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Women's Experiences of Healing After Sex Trafficking in Canada
Amy C Kobelt (author)Janelle Kwee (thesis supervisor)Jennifer Mervyn (second reader)Barbara Astle (external examiner)Trinity Western University SGS (Degree granting institution)
In Canada sex trafficking is a hidden crime that impacts women of every race and socioeconomic status, though Indigenous women are disproportionately represented as victims. This study provided a platform to listen to seven female survivors’ experiences of healing, strength and resiliency after they were freed from exploitation in Canada to counteract victim’s experiences of oppression and silencing. The qualitative feminist method of the listening guide was utilized to provide victim-informed research driven by participant’s narratives. Two categories of voices emerged in participants’ narratives: voices of resistance and voices of healing. The voices of resistance (oppression, dismissal, avoidance, confusion, and disconnection), spoke about obstacles and barriers in healing, while voices of healing (connection, knowing, compassion, resilience, advocacy, agency, and purpose), captured women’s stories of healing. Survivors were found to experience healing through connection with themselves and others, mastery of new skills, regaining their autonomy, finding purpose, and sharing their stories.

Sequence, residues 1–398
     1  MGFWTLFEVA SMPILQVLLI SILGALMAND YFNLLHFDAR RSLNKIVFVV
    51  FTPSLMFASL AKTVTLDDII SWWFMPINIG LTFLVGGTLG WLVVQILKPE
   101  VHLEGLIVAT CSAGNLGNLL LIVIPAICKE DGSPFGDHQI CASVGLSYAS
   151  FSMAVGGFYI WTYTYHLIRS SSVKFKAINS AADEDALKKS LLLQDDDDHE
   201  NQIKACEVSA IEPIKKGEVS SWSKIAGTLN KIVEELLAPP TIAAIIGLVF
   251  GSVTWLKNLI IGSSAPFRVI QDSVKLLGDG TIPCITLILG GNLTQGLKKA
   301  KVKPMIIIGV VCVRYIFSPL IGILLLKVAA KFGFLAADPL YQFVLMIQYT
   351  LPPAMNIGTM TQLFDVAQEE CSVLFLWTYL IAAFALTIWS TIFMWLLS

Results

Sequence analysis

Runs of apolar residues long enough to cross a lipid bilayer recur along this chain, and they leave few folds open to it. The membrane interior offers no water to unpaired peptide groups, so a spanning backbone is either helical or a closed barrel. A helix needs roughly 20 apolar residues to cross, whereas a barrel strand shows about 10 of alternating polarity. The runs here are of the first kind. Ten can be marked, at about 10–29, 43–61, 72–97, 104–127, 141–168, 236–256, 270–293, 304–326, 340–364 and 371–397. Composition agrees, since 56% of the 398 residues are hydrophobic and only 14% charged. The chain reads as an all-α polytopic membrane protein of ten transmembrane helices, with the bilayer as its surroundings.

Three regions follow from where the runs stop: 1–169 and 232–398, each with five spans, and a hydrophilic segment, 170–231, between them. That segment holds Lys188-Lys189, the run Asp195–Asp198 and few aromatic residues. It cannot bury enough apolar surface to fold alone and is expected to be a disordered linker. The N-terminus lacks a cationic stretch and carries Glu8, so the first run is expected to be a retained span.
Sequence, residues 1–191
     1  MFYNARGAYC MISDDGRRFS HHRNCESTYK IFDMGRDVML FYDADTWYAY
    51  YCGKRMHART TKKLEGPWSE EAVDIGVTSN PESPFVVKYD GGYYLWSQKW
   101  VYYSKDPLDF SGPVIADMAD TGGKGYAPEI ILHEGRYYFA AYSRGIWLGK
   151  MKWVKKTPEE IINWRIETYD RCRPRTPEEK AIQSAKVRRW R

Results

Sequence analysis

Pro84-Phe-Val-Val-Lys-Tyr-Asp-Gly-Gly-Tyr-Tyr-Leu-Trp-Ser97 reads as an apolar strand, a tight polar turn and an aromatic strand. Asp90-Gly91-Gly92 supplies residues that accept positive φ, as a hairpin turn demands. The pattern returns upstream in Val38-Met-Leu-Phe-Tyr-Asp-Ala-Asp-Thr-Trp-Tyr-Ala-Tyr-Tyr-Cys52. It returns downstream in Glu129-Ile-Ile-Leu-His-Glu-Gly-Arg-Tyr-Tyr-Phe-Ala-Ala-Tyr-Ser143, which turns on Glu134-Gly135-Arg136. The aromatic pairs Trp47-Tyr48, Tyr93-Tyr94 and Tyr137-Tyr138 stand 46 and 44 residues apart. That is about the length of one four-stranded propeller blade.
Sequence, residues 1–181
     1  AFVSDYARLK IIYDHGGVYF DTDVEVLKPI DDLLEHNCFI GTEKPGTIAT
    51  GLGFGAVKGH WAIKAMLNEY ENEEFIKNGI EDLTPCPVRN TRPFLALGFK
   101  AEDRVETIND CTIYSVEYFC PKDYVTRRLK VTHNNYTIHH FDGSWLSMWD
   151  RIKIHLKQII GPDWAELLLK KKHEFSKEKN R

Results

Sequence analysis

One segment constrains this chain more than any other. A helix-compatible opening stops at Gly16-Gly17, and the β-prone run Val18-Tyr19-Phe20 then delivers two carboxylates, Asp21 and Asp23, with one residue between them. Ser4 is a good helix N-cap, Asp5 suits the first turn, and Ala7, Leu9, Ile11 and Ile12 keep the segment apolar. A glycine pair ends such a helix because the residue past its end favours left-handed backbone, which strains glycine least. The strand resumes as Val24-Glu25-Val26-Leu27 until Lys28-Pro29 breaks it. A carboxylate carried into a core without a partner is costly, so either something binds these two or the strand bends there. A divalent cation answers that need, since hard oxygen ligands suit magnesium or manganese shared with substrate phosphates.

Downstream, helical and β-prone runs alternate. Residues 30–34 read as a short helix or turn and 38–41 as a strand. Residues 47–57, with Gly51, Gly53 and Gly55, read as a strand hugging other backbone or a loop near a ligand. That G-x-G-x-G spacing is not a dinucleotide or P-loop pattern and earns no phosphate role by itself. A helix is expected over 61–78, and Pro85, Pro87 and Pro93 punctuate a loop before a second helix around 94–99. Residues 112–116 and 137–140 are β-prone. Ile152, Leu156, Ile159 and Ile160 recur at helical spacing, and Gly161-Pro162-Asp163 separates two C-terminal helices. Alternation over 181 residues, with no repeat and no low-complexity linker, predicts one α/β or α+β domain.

Human trafficking.Resilience (Personality trait)Psychic trauma.Rape.